Regulation: Banks have improved risk management, says IIF
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Regulation: Banks have improved risk management, says IIF

IIF survey shows progress on risk governance, but compensation still a problem; Technology and data systems need overhauling

Richard Waugh, co-chair of the IIF steering committee on implementation of the best practice recommendations, and chief executive at Scotiabank

Rick Waugh, IIF: taxation is a blunt instrument for controlling remuneration

Have banks reformed their risk management? Yes, they have, or so bankers themselves claim. They have already made big efforts to ensure that many of the factors that contributed to the crisis will not recur, according to the Institute of International Finance (IIF), the global trade body of more than 375 financial institutions. Last year, the IIF together with Ernst & Young surveyed more than 40 of the largest banks to gauge whether they had acted on the new best practice recommendations made by the IIF in 2008, following Bear Stearns’ collapse. Back then, the IIF provided guidance on improving and addressing risk management, liquidity management, compensation, valuation and transparency in the global financial services industry. In December, when the IIF announced its latest analysis of progress on implementing these best practices, Ernst & Young said the industry had moved quickly to assess shortcomings against best practice and to address them. It added that this work must continue for several years.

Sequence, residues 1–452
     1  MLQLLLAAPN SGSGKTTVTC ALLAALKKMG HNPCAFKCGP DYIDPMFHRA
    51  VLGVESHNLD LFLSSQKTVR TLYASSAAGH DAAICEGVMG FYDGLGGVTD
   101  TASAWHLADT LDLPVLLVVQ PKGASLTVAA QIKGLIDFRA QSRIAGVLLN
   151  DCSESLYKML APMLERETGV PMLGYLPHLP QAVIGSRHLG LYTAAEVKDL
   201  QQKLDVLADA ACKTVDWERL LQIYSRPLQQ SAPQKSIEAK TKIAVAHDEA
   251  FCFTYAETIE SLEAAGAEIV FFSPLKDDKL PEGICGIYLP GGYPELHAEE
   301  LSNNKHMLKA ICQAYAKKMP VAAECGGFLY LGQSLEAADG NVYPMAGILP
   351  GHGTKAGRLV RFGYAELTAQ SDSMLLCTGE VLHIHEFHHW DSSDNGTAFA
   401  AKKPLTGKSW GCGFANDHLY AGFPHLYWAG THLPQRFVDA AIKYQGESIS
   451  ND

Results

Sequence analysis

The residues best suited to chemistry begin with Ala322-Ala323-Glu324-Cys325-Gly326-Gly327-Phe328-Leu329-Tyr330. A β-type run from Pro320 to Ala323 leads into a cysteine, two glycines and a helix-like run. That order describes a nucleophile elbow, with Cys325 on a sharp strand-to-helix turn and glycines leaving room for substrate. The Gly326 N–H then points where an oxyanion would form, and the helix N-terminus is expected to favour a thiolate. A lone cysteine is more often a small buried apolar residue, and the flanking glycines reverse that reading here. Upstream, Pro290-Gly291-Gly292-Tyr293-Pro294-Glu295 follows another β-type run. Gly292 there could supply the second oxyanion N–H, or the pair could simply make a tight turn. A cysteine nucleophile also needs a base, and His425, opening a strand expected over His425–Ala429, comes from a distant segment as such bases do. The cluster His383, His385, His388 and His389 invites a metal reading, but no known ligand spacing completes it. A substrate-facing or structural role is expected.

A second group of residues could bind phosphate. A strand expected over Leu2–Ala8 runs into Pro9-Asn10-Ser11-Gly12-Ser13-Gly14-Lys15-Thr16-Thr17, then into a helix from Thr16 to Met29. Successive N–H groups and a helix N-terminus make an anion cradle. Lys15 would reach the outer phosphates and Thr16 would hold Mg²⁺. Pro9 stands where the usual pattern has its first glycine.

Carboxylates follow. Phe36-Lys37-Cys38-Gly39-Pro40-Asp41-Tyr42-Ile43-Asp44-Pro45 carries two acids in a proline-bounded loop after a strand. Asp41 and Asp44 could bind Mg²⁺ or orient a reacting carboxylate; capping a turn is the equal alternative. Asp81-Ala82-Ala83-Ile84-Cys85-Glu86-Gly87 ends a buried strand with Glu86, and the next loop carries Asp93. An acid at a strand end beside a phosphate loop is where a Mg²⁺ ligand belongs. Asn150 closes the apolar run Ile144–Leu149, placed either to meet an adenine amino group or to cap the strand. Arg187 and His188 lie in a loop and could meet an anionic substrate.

Upgrade for risk
One of the key measures taken by banks since September 2008 has been to upgrade the role of the chief risk officer.

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